By placing the control system on the upper tree it can be hard-piped to the tree head. As a result there are reliable, pre-tested connections to the most complex module and also to the main safety flow control elements (i.e., the isolation valves). The control system is then piped/connected to the choke module through the multi-bore flow connection hub. This design again minimizes the number of connections that have to be made up on the rig, since these connections are automatically made up when the choke module is installed.

Since discrete modules are being used to make up the final tree assembly, any counterweights required (e.g., for a neutral center of gravity of the full assembly) may be installed on the lower module and still not exceed the 40 ton outrigger lift limit. As a result, the rig crew does not have to start adding extra counterweights to the tree when it is assembled on the rig. This configuration reduces the risk of accidents, time required for assembly and the risk of accidentally omitting components before lowering and installing the tree on the sea floor.

The lower tree may be configured to also act as both the shipping and inspection stand for the upper tree. This design avoids the need to take additional modules from the shore to the rig. For example, if a lower tree module is placed on the rig, the upper tree module can be lifted off the barge and landed directly onto the lower tree module on the rig. Access also can be provided through the lower tree module for change out of wellhead gaskets within the connector of the upper tree module. This design helps to reduce the space taken up on the rig floor by test and assembly equipment.

The invention has several advantages including a modular satellite tree design that combines the advantages of a separate flowbase with a well jumper. Tie-ins to the tree are provided into the singular assembly which saves rig time for installation as only a single trip is required to deploy the modular assembly.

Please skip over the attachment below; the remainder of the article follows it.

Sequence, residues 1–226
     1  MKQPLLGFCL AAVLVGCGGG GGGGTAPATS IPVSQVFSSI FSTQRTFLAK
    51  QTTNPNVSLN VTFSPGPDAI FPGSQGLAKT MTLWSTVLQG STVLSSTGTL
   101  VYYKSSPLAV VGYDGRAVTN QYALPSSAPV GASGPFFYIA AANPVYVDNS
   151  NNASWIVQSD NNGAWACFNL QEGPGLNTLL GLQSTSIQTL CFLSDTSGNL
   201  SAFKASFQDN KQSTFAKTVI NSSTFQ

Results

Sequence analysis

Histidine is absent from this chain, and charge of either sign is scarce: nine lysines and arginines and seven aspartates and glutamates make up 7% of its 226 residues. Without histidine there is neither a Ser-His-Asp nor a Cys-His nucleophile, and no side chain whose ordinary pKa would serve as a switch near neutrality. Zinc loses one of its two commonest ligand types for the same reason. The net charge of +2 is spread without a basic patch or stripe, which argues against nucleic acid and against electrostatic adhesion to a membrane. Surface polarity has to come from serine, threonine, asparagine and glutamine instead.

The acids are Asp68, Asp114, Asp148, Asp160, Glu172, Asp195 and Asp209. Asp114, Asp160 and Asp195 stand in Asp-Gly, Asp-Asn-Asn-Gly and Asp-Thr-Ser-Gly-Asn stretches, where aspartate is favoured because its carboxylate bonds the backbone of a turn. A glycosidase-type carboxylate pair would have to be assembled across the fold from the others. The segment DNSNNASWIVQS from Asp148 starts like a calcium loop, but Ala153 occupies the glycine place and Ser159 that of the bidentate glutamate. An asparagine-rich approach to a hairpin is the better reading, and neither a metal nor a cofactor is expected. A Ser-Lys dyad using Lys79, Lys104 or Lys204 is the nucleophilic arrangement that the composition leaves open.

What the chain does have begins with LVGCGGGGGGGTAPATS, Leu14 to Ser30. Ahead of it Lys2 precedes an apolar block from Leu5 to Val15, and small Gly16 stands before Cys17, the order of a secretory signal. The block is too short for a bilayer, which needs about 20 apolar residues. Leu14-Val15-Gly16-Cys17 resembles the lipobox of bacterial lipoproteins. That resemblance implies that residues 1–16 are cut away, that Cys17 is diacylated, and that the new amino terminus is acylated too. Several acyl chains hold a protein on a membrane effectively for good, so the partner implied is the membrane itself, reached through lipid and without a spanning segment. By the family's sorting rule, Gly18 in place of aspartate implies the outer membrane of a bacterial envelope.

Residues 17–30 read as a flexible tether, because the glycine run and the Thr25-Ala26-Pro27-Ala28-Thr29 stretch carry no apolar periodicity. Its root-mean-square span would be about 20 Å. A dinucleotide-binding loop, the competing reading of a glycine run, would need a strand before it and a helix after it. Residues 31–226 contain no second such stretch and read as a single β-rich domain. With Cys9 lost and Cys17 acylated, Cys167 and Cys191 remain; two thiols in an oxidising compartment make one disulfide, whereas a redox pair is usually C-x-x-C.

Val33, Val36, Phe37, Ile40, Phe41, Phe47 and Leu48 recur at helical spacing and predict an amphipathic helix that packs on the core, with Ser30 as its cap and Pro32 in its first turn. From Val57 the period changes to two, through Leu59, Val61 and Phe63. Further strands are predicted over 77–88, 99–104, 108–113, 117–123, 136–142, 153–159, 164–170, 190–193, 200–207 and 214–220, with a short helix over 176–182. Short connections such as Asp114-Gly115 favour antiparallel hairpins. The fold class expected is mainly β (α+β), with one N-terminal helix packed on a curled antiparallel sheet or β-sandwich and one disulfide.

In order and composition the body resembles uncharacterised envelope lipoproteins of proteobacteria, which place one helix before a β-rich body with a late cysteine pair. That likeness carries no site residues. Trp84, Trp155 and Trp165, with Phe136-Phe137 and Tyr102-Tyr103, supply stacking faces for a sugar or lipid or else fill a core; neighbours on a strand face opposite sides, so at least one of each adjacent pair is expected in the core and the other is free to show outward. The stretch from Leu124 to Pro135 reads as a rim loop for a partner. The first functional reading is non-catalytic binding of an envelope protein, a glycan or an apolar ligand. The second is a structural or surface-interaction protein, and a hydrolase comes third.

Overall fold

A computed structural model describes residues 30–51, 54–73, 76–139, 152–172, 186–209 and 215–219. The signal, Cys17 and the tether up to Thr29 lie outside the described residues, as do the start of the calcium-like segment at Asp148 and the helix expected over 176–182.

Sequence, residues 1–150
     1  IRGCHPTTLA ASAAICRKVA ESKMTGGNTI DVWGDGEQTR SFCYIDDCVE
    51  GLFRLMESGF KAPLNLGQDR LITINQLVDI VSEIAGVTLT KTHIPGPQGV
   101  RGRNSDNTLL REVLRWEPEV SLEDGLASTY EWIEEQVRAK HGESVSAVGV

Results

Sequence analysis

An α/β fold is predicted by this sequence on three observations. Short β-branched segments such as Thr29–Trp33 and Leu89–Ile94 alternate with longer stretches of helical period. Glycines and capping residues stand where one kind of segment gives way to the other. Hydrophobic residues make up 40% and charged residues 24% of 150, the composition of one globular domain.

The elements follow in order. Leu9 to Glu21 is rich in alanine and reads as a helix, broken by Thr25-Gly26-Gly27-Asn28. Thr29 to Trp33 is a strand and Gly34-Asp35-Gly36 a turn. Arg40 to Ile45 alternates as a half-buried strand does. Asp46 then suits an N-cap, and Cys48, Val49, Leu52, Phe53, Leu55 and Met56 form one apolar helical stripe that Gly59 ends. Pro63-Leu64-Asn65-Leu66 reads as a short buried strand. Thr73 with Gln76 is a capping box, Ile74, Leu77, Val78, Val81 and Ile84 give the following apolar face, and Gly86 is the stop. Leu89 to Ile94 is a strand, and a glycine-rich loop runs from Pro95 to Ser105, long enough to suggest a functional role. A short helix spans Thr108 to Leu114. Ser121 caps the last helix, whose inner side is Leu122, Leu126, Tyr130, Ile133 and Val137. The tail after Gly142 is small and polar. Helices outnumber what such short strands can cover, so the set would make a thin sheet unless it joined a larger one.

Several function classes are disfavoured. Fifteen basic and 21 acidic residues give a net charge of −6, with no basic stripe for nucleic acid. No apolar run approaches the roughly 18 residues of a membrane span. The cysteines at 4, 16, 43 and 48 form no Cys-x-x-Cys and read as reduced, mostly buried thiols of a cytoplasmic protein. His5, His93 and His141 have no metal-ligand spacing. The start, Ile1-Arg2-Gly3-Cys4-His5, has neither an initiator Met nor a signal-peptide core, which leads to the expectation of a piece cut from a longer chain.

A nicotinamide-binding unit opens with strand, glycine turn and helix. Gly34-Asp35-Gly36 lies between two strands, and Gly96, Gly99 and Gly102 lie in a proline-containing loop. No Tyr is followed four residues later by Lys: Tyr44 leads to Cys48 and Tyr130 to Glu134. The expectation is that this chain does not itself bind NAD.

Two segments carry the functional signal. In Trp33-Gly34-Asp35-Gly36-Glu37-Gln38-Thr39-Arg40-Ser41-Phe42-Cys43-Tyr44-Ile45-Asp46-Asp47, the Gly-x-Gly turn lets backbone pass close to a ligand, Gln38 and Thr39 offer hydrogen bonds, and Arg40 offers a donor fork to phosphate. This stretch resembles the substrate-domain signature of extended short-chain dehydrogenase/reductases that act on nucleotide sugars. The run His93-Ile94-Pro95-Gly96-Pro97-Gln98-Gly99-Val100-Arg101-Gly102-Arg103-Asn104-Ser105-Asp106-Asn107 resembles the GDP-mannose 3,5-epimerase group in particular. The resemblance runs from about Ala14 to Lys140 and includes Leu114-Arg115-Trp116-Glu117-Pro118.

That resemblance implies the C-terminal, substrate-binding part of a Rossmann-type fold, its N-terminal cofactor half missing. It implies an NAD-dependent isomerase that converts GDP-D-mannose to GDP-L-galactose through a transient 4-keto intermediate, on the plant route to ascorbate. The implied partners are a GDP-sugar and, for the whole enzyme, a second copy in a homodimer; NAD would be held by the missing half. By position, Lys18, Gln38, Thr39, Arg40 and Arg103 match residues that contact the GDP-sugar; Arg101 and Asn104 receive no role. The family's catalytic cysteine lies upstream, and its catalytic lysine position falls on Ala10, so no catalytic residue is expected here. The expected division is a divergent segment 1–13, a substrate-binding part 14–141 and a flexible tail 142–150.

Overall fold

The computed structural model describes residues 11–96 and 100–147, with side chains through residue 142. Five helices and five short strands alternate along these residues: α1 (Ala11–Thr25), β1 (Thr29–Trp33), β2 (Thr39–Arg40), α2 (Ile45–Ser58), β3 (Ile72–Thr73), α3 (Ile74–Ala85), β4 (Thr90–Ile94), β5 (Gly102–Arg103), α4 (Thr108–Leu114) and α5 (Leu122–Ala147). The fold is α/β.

Combining the three modular sub-assemblies of the tree, flowbase and choke bridge into a single assembly allows a single run for deployment and gains a number of advantages. For example, the rig time for deployment is reduced since only a single run is required. No additional connections are required between the tree and flowbase (since they are connected through the choke bridge).

The modular design allows easy break down to aid offshore transportation where rig lifts capacities may be limited. The invention also allows simple unitization and testing on the rig prior to deployment. The number of connections is reduced and therefore reduces potential leak paths. The choke bridge may be removed and installed later in field life to allow replacement of vulnerable items subject to high erosion.

Additional benefits include that no module exceeds the approximately 40 ton weight limit for most outrigger lifts on the offshore rigs. This is especially significant for deep water, large bore horizontal tree designs. The use of multi-bore connectors allows the choke bridge to be controlled from the tree-mounted control system (e.g., subsea control module or SCM) without the need for a separate hydraulic flying lead (HFL). The upper tree may be landed directly onto the lower tree (which is already on the rig) during rig transfer without the need to lift the upper tree with its dedicated shipping skid.

This design also eliminates bolted connections since it is simply aligned, stacked and clamped with pins, and it permits more flow and flexibility to connections. The tree sub-frame may be lifted onto the rig independent of the tree, and includes a jumper connector and multibore hub for the choke bridge module. The tree is lifted onto the rig independent of the sub-frame, and the tree and subframe are interfaced and made up together on the rig.

While the invention has been shown or described in only some of its forms, it should be apparent to those skilled in the art that it is not so limited, but is susceptible to various changes without departing from the scope of the invention.

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Referenced by
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Classifications
U.S. Classification166/352, 166/336, 166/344, 166/360, 166/250.01, 166/365
International ClassificationE21B23/00
Cooperative ClassificationE21B33/035
European ClassificationE21B33/035
Legal Events
DateCodeEventDescription
Oct 31, 2008ASAssignment
Owner name: VETCO GRAY INC.,TEXAS
Free format text: ASSIGNMENT OF ASSIGNORS INTEREST;ASSIGNORS:SPENCER, DAVID N.;WENHAM, MICHAEL A.;WHITE, PAUL W.;US-ASSIGNMENT DATABASE UPDATED:20100429;REEL/FRAME:21777/296
Effective date: 20081021
Free format text: ASSIGNMENT OF ASSIGNORS INTEREST;ASSIGNORS:SPENCER, DAVID N.;WENHAM, MICHAEL A.;WHITE, PAUL W.;REEL/FRAME:021777/0296
Owner name: VETCO GRAY INC., TEXAS